1. Is it not tbe ultimate hubris for a politician to believe that his legislation can
    actually affect the weather...?

  2. Nothing else in history has worked as well the TCOTUS period!
    Everything else has resulted has resulted in suffering and death ad-infinitum period.
    If mankind truly desires hope and change for the better in life it has been right there for about 236 or years.


  3. Our right to self-determination - the "pursuit of happiness" -- is under constant assault from arrogant demagogues who believe they know what's best.

    The founders acknowledged the right of people to establish a government sufficiently limited in power to leave us room for this pursuit, according to citizens' unique circumstances and desires.

    But our elected and their bureaus have no interest in acknowledging the Constitution that placed limits on their powers.

    There's no aspect of life - no endeavor - untouched by governance under the figleaf of planning. Where once there was "rule of law," planning (wink-wink) has become the mechanism of control. Governance of the people occurs by regulatory authority to "permit or deny" activity on private property. Not only "what is permitted" but HOW activity occurs is being prescribed, as best management practices (BMP's). What grows in your yard, how farmers "farm," your health care - everything is to be managed. This doesn't even stop at the threshhold of our homes.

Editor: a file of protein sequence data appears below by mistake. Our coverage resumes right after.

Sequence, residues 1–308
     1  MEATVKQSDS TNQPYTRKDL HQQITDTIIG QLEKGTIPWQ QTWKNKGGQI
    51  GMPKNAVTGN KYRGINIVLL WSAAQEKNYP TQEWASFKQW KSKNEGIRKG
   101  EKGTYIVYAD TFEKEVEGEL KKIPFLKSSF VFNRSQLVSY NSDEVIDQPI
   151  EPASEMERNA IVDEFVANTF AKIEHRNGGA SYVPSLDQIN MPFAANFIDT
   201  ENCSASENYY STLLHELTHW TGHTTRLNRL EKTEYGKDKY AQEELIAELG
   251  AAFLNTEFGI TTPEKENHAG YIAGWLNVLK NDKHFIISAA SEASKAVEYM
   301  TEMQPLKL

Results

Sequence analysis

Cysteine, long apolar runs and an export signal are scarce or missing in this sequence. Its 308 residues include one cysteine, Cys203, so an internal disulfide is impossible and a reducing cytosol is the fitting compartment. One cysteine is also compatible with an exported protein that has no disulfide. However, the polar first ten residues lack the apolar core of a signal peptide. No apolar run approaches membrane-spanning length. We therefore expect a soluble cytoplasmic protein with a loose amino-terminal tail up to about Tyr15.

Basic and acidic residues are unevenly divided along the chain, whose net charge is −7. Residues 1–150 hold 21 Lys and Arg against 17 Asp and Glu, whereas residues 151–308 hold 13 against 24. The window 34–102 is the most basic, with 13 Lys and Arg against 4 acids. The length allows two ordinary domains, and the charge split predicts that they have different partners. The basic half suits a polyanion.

The ruling class intends to oversee all "natural resources," the food supply (agriculture), transport (mobility), culture (!) and even "recreation" - everything. The over-arching role of government undeniably includes planning the "economic development" of the private sector, right here.

    What happens in Washington DC and Olympia matters. But I believe our best hope of stopping the assault on our right to self determination and the pursuit of happiness is to "say no" locally. Local is where the rubber meets the road, where the jackboot is applied to the neck.

    1. Smart meters, the smart grid. The government deputies (maybe in the form of the power companies) will have the authority to dial down the heat in your house, or program your dishwasher or laundry machines. You say you think this is tinfoil hat territory? I wish it were. Read the Energy Independence Security Act. Google "smart grid", or "programmable communicating thermostat". Or just go outside and look at your power meter. Most likely, it is already connected wirelessly to the power company. Have you received your energy report card with your power bill? That's the first step, to shame you into compliance voluntarily by comparing your energy consumption to that of your neighbors. Nevermind whether you have more people in your household, or if you have a good reason to use more. The busybodies are busy building the necessary infrastructure to dominate you involuntarily if you don't fall into line. Nevermind if you can afford to pay your electric bill, which should be incentive enough to conserve.